This is a feeling I wrestle with, but I couldn't quite pinpoint it until this afternoon, driving home from work.  Side note: what is it about that short drive home that causes me to think so deeply?  The sudden absence of adolescents?  The sudden freedom?  Regardless, I realized today the reason for my nostalgic melancholy... and I found the silver lining, too.

While it's true that time flies and it is all running out, that which is running out (time with loved ones, memories to make, lessons to learn) will exist in endless supply someday in heaven.  The good, enduring things I love about this life and the people in it will continue in heaven, only with a surefire God-focus.  Earthly time is running out, but my eternal life is waiting.  I've got something to look forward to. 

March 5, 2010

Things I Love About Little Women...

By "Little Women," I mean Little Women the book and movies, not... short women, though I probably love some things about short women as well.  At any rate, much to my students' chagrin, I have forced them to watch Little Women over the last couple of days (hey, if I'm going to show a movie, I'm going to make sure it has some kind of literary merit).  I also recently had the pleasure of watching a friend play Jo in the musical adaptation of the novel.  Clearly, Little Women has been on my mind, and I've realized there are some things I absolutlely love about that story.  Forgive me, as this doesn't have much to do with my single life, or my struggles.  It's just the thoughts of an English teacher who loses herself in literature.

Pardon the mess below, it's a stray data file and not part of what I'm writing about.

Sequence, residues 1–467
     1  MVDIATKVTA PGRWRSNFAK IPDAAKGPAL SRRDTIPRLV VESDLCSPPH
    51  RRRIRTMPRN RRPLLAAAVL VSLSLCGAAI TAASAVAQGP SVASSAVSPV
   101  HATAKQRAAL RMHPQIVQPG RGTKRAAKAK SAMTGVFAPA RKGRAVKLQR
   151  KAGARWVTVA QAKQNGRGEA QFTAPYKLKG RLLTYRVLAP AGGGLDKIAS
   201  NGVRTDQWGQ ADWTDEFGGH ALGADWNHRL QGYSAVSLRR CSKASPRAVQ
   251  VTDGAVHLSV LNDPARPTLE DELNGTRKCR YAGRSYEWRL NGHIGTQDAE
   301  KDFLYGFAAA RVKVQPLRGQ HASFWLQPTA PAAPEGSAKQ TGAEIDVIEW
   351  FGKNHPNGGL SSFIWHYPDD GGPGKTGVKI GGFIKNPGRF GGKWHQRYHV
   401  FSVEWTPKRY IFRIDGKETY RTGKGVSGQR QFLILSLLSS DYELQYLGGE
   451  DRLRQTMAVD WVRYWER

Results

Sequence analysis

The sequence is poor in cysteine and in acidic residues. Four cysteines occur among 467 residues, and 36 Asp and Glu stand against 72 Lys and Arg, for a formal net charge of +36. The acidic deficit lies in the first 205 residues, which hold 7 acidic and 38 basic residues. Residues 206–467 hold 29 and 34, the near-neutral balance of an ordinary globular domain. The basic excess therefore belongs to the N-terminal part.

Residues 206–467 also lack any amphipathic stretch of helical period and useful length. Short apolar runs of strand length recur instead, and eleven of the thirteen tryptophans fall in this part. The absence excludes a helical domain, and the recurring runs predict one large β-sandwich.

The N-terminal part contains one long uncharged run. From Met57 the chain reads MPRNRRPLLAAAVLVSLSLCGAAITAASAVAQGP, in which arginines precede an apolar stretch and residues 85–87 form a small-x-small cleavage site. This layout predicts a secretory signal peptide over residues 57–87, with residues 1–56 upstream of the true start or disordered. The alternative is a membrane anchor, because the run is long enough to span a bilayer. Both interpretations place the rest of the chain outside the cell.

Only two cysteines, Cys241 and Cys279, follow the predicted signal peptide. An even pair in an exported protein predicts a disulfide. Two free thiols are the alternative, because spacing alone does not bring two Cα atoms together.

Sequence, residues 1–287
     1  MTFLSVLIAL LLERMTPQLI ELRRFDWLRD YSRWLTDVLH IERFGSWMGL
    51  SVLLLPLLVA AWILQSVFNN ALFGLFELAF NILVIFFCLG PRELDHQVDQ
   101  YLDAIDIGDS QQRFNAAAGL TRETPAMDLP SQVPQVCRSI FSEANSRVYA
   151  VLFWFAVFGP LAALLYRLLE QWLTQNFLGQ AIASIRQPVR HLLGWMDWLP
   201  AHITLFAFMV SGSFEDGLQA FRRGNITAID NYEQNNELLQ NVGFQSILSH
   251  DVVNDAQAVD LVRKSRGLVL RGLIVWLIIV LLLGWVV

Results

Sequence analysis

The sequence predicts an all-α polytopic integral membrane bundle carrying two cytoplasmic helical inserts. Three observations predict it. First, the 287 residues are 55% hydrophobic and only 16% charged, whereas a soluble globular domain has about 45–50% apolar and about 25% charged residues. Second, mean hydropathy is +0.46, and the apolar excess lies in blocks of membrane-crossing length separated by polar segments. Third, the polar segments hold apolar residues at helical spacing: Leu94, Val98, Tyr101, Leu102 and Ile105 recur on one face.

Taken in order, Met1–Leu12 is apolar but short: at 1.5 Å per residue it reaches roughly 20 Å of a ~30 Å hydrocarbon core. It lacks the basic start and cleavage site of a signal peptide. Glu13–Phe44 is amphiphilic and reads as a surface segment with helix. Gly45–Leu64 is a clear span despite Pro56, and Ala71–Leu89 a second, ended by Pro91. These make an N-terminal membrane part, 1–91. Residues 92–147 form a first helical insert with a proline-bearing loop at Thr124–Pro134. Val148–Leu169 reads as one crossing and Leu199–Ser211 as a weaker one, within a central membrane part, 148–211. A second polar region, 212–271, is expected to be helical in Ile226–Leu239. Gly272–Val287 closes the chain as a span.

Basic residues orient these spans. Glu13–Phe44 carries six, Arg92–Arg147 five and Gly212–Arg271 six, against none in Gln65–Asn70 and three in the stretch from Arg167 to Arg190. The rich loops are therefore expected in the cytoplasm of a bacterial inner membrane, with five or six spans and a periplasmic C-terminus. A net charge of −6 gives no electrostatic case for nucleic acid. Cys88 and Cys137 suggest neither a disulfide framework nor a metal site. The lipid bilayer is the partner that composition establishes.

I love:
1.  Jo March.  She is loud, independent, stubborn, strong, creative, funny, friendly, idealistic, a dreamer, and a writer.  She loves her sisters so much that she bucks against change, especially when men are involved in stealing them away.  She wants to see the world.  She doesn't accept "good enough."  She lives life to its fullest and loves with all her heart.  She is fantastic.